Spousal/Domestic Partner Insurance

This type of coverage covers the life of your spouse or domestic partner, if offered by your employer. The amount available will often be some percentage of the amount of the coverage you select on yourself. There may be other policy limits in terms of the coverage and the portability of the policy if you leave your employer. 

Dependent Child Insurance 

These policies cover the life of your dependent children. The amounts may often be lower than those available to employees or spouses and domestic partners. 

Burial Insurance 

These policies are designed to cover the cost of burial for the policy holder. They will typically have a set amount, perhaps $5,000-$10,000 as a death benefit. 

How to Buy Supplemental Life Insurance

Supplemental life insurance is usually purchased via your employer. Many employers' group plans include an option to purchase additional coverage. There may be a limit to the amount of coverage that can be purchased. 

Premiums may vary based on the amount of coverage selected, and perhaps based on your age and other factors. You may also pay the full cost of the coverage, versus an amount that is subsidized by your employer as is often the case with the base amount of life insurance offered under your employee benefit package. 

Another option is to look for supplemental life insurance privately through an insurance company not affiliated with your employee benefit plan offerings. You can shop around to see which company offers the best deal on the type of supplemental policy you are considering.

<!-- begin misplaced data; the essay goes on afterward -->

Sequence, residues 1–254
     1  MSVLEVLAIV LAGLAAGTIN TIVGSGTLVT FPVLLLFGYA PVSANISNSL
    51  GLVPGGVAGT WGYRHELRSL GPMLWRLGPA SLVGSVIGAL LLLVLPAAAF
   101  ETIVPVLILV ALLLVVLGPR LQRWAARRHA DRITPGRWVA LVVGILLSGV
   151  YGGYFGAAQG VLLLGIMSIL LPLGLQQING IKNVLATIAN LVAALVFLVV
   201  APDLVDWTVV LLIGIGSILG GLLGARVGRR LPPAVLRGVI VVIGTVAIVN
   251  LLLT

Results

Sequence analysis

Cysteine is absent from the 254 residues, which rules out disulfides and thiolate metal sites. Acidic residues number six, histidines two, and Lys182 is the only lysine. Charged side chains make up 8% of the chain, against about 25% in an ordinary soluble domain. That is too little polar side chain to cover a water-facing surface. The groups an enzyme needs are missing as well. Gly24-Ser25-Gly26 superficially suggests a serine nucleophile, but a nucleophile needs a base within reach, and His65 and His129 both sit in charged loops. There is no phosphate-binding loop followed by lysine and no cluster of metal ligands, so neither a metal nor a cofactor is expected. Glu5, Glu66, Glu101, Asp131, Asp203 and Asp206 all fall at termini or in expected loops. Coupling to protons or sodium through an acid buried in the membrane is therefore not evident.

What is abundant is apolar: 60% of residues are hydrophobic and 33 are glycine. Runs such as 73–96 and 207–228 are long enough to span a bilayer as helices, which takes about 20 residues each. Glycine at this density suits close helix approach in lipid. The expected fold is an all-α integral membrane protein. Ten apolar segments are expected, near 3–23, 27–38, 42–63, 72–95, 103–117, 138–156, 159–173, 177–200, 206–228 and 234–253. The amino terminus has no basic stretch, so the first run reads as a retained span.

For example, if you are considering AD&D coverage or a burial policy, you can shop around different insurers who offer this coverage in the private market and compare the costs to what is offered though your employer. If you already have a term policy via a private insurer you may be able to add some types of supplement coverage onto your existing policy as a rider. Another potential advantage of buying supplemental life policies privately is that there are no potential portability issues when you leave your employer. 

Is Supplemental Life Insurance Worth It?

Whether or not supplemental life insurance is worth the cost will depend upon several factors. 

  • How much life insurance coverage do you need? This will vary based upon your circumstances and your situation. Factors might include whether you are married or single, whether or not you have dependents such as minor children, your income and other factors.
  • Your current life insurance coverage. Beyond the basic insurance offered by your employer, do you have other life insurance coverage in force? Perhaps a private insurance policy beyond any group benefits.
  • Does the supplemental policy have features and benefits compared to purchasing a term policy or some other form of life insurance privately on your own from an insurance company? 

Everyone's situation is different, but you should look carefully and consider the pros and cons of various types of supplement policies versus just buying regular life insurance outside of your employer's benefit package.